Meanwhile, the Shohan will seek alternate means to win the release of the prisoners aboard the station. The Infiltration team described in the Deployment Companion may attempt to stage a jailbreak, using a captured Terran Sphere vessel that has been modified to incorporate Shohan style shielding. Getting access to an isolated fleet base like Alastair Station is quite difficult, but here they may be able to use Master Chief Montgomery’s indiscretions to their advantage; gaining the trust of her black market contacts before organizing a “supply run” for the Master Chief. Along similar lines, the Shohan may be willing to hire non-human mercenaries to assault the base in their name. Similar to the infiltration team, these mercenaries will have been paid with black-box Shohan style force field generators. For the Shohan, this has the added bonus of doing more damage to the Terran Sphere station and forces that have become a perennial thorn in their sides. Whether the Shohan are willing to let them keep their payment however, is an open-ended question.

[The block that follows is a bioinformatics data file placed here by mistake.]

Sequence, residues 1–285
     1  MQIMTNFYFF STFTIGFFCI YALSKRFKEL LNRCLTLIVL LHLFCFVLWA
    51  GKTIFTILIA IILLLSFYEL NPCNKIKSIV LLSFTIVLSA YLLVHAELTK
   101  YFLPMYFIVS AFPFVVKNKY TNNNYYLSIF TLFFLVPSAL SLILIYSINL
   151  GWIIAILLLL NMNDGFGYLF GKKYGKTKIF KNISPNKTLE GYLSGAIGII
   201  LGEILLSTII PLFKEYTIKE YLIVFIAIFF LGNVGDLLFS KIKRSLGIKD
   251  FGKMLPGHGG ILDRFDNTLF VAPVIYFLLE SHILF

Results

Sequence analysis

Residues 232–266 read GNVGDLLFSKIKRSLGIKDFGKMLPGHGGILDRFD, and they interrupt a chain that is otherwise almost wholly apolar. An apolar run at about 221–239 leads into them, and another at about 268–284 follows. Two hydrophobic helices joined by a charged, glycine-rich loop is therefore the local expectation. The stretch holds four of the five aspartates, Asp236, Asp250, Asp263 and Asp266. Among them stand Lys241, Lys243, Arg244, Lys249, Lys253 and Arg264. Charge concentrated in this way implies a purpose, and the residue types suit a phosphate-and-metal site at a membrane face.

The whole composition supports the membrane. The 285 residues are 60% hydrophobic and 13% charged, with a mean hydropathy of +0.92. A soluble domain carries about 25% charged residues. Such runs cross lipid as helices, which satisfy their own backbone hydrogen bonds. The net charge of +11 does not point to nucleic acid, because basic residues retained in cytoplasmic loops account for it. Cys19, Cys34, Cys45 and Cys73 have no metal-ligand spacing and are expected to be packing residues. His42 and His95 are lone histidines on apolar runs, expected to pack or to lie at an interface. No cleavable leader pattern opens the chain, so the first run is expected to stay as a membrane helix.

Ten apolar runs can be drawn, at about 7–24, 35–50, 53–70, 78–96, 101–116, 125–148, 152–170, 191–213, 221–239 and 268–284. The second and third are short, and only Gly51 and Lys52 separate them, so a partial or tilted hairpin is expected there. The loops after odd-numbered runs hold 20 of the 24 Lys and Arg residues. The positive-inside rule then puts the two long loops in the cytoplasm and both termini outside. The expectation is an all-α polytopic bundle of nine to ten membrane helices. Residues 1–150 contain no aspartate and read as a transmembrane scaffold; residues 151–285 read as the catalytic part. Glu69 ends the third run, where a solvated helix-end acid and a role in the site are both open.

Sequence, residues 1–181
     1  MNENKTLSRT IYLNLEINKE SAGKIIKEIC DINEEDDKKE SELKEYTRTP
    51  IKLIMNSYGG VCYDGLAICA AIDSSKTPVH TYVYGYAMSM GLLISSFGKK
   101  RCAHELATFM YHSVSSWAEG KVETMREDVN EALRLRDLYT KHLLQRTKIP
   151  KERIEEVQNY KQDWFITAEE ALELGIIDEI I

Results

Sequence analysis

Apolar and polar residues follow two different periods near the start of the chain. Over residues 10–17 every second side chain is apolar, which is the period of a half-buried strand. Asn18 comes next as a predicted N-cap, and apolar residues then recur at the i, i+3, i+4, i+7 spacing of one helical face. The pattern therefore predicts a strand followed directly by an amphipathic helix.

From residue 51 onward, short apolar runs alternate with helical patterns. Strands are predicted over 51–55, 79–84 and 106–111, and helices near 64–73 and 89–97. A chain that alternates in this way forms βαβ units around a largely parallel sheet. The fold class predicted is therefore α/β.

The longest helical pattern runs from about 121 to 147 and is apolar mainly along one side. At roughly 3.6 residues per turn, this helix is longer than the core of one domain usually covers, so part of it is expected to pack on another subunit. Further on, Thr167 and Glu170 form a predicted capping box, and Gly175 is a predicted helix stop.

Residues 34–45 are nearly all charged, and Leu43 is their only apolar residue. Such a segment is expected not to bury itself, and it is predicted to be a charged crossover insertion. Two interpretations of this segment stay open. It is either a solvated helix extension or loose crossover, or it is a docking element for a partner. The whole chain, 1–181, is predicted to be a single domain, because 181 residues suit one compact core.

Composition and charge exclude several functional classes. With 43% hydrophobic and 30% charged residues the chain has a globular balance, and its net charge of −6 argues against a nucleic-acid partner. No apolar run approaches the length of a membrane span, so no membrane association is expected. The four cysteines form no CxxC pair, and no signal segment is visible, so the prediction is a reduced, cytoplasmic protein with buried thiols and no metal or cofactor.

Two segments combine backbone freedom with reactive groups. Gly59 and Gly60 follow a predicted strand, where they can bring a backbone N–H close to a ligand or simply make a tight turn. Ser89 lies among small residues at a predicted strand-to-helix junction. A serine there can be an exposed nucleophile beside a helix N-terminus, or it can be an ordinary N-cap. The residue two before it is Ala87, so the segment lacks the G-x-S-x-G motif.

Finally, and most surprisingly, the Shohan may be willing to talk. In this case, the Shohan may contact the Terran Sphere in one of the disputed systems to discuss a prisoner transfer. For Terran Sphere diplomats, the first chance to talk to the Shohan after years of silent violence is in itself amazing, but they may be disappointed by the limited scope of the negotiations with which the Shohan will agree. Their offer essentially boils down to: releasing X number of prisoners from occupied space in return for the release of all prisoners currently at Fort Alistair, and an agreement that no prisoners be housed there for Y years. From the Shohan perspective, releasing some prisoners now is only a stay of their ultimate fate; if it preserves some Shohan, so be it. Likewise, they are confident that in the specified timeframe, the issue of housing prisoners at the Station will be moot.
[What You Are In The Dark]
[A Game of Inches]